Grown-ups embracing children’s fashions


The fashion industry is experiencing a revolution

US designer Jeremy Scott greets the audience at the end of the show for fashion house Moschino during the Women's Spring/Summer 2018 fashion shows in Milan, on September 21, 2017


Products once considered to be “too childish” or alternative for women to wear are now increasingly popular.

Moschino has just launched its My Little Pony collection for Spring/Summer 2018 at Milan Fashion Week.

But the trend has led to renewed debate among consumers about whether wearing such fashion items is a sign of immaturity.

A new social phenomenon is arising on Instagram, whereby young women have become the key influencers for their friendship circles and communities.

Social trends

Users now regularly post photos of their outfits on Instagram, together with a full run-down of what they are wearing and where they got it from.

If someone has a unique and unusual item, others covet it.

To ensure that more people see the outfit shot posts, users include hashtags for different styles and tag the small businesses they purchased the item from.

This helps other consumers find the product, as well as providing free publicity for independent brands.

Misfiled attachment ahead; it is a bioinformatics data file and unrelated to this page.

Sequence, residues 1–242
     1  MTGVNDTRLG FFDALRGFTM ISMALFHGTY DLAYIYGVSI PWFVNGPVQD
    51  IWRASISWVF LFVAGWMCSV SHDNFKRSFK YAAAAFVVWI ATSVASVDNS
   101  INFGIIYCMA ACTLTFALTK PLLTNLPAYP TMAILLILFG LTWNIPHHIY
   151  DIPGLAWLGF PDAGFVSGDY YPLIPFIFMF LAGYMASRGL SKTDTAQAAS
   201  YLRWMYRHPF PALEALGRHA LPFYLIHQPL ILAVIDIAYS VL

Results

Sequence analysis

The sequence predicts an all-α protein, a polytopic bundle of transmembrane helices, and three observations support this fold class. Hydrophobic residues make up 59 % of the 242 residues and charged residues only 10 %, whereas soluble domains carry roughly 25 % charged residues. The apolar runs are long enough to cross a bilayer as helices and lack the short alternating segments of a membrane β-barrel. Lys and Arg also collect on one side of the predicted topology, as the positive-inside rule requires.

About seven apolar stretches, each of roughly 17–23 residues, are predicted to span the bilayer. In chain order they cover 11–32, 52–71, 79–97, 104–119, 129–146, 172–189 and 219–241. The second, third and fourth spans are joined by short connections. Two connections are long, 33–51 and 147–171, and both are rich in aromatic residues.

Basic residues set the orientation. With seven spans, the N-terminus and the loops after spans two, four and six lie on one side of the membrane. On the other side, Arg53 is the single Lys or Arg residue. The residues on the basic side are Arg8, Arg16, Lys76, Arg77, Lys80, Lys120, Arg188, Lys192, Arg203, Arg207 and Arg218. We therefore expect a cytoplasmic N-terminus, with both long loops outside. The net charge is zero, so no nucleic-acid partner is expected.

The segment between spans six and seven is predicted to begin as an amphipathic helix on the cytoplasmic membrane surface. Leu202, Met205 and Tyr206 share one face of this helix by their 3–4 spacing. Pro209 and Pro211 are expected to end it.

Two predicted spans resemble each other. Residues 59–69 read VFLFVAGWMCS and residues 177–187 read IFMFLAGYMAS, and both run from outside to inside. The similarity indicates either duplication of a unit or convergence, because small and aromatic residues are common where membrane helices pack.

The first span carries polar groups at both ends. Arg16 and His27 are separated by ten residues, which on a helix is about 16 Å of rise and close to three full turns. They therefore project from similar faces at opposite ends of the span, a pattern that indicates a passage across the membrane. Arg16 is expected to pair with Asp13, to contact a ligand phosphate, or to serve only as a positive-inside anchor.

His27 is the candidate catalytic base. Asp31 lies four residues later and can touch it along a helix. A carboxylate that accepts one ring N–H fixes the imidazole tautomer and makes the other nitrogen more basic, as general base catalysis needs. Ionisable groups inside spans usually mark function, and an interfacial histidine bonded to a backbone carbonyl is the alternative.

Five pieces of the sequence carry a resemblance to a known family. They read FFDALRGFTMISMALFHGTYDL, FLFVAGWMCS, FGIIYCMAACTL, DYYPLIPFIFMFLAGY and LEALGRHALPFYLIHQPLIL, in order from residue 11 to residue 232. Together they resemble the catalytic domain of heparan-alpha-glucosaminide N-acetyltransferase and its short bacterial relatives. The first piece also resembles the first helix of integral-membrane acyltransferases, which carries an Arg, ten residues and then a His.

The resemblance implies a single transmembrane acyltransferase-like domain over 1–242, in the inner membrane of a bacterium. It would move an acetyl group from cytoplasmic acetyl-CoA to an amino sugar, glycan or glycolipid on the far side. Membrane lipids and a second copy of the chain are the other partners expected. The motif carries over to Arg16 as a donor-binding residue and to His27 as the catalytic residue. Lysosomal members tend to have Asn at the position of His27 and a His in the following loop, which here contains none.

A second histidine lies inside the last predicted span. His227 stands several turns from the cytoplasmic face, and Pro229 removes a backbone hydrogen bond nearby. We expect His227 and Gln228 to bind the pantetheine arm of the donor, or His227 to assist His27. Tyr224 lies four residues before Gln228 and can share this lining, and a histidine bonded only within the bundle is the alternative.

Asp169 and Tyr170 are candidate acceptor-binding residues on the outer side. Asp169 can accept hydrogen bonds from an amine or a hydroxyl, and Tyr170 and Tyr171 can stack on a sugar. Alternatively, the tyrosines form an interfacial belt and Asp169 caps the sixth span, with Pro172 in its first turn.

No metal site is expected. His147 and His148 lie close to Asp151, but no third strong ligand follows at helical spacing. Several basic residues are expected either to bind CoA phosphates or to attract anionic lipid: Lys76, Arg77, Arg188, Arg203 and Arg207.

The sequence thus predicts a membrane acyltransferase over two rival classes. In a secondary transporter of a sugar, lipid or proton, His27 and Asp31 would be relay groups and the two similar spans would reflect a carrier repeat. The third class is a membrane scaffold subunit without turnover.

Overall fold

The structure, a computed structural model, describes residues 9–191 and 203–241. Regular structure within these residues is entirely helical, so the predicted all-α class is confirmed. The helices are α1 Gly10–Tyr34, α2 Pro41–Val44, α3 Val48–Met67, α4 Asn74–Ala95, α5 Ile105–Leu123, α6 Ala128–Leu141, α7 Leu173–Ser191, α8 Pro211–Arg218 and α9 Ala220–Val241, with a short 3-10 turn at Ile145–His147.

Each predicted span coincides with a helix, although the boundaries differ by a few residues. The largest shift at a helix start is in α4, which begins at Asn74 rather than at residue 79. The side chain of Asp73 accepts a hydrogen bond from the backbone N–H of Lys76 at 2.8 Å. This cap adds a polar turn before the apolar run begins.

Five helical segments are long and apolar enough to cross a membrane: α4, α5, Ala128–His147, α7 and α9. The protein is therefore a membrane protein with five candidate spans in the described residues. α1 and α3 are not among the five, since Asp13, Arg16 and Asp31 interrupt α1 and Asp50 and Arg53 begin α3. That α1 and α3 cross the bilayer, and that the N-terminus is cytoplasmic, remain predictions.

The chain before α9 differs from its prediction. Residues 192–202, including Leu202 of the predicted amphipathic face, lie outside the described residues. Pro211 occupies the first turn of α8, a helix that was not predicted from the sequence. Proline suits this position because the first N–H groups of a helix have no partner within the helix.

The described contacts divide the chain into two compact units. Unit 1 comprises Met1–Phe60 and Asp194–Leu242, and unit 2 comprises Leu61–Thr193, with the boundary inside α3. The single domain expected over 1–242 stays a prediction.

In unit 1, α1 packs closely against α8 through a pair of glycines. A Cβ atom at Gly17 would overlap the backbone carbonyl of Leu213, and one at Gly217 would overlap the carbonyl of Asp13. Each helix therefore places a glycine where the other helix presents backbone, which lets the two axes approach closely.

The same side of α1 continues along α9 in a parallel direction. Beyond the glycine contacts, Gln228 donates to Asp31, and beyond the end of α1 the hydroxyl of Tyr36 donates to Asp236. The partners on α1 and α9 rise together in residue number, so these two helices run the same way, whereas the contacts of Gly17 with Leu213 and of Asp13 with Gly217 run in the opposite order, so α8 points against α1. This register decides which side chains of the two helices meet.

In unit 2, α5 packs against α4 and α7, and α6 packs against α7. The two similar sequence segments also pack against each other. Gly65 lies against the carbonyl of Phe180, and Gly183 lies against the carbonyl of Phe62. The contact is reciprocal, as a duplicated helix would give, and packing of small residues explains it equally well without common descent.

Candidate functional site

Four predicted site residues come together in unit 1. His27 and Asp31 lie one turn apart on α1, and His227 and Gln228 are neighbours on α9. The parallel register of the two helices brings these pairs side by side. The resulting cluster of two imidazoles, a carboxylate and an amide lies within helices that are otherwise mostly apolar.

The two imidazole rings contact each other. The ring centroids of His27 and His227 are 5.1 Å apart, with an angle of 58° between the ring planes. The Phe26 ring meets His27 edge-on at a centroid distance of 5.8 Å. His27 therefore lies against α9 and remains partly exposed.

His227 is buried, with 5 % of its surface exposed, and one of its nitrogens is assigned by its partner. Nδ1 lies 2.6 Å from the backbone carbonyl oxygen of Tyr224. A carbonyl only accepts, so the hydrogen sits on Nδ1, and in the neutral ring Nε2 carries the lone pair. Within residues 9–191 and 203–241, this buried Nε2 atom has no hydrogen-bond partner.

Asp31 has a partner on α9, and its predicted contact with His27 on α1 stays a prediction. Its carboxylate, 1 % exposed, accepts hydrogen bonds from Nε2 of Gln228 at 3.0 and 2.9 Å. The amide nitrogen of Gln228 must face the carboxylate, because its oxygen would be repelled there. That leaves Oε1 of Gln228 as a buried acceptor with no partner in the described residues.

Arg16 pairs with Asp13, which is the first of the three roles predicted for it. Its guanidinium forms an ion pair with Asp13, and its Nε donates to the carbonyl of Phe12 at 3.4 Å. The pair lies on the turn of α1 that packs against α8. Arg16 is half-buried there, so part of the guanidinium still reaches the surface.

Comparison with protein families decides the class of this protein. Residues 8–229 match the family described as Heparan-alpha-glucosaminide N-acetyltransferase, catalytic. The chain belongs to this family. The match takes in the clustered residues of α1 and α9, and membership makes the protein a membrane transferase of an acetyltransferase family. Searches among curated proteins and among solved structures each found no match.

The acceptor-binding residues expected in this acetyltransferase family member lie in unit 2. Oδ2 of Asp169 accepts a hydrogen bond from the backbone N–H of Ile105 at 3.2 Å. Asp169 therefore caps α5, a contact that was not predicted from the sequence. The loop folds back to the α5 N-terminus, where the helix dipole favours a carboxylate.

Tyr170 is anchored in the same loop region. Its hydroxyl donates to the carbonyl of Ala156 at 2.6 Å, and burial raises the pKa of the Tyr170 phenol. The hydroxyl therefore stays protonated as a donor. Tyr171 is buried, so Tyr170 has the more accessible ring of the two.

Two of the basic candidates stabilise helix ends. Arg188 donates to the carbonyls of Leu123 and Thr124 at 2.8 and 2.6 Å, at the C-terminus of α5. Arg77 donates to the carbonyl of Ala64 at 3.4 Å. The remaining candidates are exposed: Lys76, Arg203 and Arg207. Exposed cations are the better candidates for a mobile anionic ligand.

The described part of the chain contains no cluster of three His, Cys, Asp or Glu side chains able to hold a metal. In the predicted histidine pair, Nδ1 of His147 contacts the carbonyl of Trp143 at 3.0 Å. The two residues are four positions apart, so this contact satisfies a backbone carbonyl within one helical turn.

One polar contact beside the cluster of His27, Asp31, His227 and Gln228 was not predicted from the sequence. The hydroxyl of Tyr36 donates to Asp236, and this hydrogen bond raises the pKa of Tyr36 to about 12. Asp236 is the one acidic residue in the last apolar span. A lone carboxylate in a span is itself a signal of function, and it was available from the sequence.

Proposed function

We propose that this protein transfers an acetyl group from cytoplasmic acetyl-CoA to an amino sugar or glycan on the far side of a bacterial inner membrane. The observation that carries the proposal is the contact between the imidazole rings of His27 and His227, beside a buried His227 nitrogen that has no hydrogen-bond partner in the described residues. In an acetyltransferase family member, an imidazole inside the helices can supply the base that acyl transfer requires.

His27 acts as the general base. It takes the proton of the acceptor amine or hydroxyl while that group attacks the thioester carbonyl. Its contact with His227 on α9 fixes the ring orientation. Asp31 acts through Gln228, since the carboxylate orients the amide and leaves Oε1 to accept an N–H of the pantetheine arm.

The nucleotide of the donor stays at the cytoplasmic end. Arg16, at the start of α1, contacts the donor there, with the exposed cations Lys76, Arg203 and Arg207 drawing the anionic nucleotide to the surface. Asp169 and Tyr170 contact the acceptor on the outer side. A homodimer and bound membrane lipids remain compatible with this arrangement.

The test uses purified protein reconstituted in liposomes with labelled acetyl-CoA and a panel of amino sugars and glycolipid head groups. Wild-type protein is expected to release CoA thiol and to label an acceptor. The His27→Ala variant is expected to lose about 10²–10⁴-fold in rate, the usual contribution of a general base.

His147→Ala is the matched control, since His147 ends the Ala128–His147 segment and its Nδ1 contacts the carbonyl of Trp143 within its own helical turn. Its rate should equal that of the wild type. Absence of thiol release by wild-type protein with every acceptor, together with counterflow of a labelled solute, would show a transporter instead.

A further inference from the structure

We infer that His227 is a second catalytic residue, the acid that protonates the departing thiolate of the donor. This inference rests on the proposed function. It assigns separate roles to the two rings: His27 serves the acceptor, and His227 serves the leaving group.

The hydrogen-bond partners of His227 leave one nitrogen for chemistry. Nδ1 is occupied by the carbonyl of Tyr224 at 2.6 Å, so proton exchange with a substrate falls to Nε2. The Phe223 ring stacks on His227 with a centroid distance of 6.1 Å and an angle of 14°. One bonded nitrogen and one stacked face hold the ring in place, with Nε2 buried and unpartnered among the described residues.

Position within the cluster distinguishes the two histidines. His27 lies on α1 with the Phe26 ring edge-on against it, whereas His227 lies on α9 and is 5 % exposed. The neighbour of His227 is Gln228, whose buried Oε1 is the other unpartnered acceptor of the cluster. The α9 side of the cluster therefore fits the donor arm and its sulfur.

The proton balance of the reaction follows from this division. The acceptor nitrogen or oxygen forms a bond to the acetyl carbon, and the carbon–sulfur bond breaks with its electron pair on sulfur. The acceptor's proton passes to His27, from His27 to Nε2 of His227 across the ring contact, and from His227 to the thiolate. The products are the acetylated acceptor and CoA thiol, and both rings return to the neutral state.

Over time, these trends grow on social networks, often without ever receiving mainstream media coverage.

Relatable fashion

Now, some of these fashion trends are making their way into the mainstream – whether it’s seashell bags, pink heart chokers, sparkly rubber phone cases, pastel jackets, comfortable boat-like shoes called “creepers”, fluffy neon fur tops or colourful see-through backpacks.

“People just want something they can relate to,” says Rosanna Mackney, the creative director of Dreamy Bows, a UK retailer of Japanese fashion.

“If you see a model in a magazine, you know they’ve had styling and a makeup artist to do it for them, but if you see someone’s Instagram account, you know that they achieved that look by themselves, so you know it’s a lot more realistic that you can achieve the look yourself.”

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